Red, Ready, but will keep

2016 Beaujolais-Villages, Lantignié, Alexandre Burgaud

2016 Beaujolais-Villages, Lantignié, Alexandre Burgaud

Red | Ready, but will keep | Alexandre Burgaud | Code:  46368 | 2016 | France > Beaujolais > Beaujolais Villages | Gamay | Medium Bodied, Dry | 12.5 % alcohol


Please note:

Wines sold "In Bond" (including BBX) or “En Primeur” are not available for immediate delivery and storage charges may apply.

Duty and VAT must be paid separately before delivery can take place.

See All Listings

The Producer

Alexandre Burgaud

Alexandre Burgaud

Jean-Marc Burgaud, wizard winemaker in Morgon, introduced us to his cousin Alexandre’s superb Beaujolais Villages. The wine comes from old vines in the village of Lantignié which is regarded as being the best location for Beaujolais Villages. The wine is made in classical Beaujolais style with the stems retained.

The Grape



A French variety planted predominately in Beaujolais where it is the grape behind everything from light and often acidic Beaujolais Nouveau through to the more serious and well-structured wines from the 10 cru villages. It takes its name from a hamlet just outside Chassagne-Montrachet and was at one stage widely planted on the Côte d`Or. However it was gradually phased out due to its poor yield and supposed poor quality of its wines.

The majority of Gamay wines in Beaujolais are labelled as Beaujolais or Beaujolais-Villages and are deliciously juicy, easy drinking, gulpable wines. Of more interest are the Cru wines from the 10 villages in the north of the region where the soil is predominantly granitic schist and where the vines are planted on gently undulating slopes. These can be well-structured, intensely perfumed wines, redolent of ripe black fruits and, while delicious young, will reward medium term cellaring.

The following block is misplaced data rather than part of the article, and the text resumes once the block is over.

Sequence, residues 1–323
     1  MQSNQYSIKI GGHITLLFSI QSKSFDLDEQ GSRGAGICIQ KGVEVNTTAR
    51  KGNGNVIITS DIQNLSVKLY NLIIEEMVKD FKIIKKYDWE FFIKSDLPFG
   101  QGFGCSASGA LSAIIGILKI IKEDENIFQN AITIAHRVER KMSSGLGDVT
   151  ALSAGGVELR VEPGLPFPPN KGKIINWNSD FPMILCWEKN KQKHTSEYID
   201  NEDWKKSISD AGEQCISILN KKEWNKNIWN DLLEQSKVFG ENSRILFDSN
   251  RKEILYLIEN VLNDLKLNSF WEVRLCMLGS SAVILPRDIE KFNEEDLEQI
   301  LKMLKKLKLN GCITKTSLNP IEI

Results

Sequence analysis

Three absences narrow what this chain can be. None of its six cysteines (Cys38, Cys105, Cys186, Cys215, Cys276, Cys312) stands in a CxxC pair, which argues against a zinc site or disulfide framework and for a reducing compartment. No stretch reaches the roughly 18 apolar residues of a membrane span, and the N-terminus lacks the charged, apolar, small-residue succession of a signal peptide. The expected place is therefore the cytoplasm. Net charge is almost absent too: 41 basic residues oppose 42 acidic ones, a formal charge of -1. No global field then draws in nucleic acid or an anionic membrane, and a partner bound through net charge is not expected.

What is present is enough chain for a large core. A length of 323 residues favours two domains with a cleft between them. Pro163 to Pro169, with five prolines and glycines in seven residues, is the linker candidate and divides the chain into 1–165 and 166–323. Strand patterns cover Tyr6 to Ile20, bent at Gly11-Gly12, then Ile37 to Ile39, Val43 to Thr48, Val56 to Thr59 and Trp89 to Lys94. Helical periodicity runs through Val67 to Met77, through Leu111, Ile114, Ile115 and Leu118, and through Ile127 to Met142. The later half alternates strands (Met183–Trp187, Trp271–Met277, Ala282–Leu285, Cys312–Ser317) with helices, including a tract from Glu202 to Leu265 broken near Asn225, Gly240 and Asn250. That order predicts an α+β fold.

Gamay is also grown in the Touraine region of the Loire where it produces soft, well-balanced, gluggable wines for drinking young.

The Region

Beaujolais Villages

A clear step up from basic Beaujolais, Villages wines are still light, with the same pear-drop hint to the juicy red fruit, but are richer with more personality; they are well worth paying a little bit extra for. Beaujolais Villages can come from any of 38 named villages, all of which are based in the northern, hilly half of the region on granite soils.

The best vineyards lie around Beaujeu, west of Régnié and Morgon.  As long as the wine comes exclusively from that village, estates can add their village to the Beaujolais name on the label (e.g. Beaujolais-Beaujeu) but since most Beaujolais Villages is sold by merchants, who blend together wines from several villages, this is quite rare.

Customer Reviews
Questions And Answers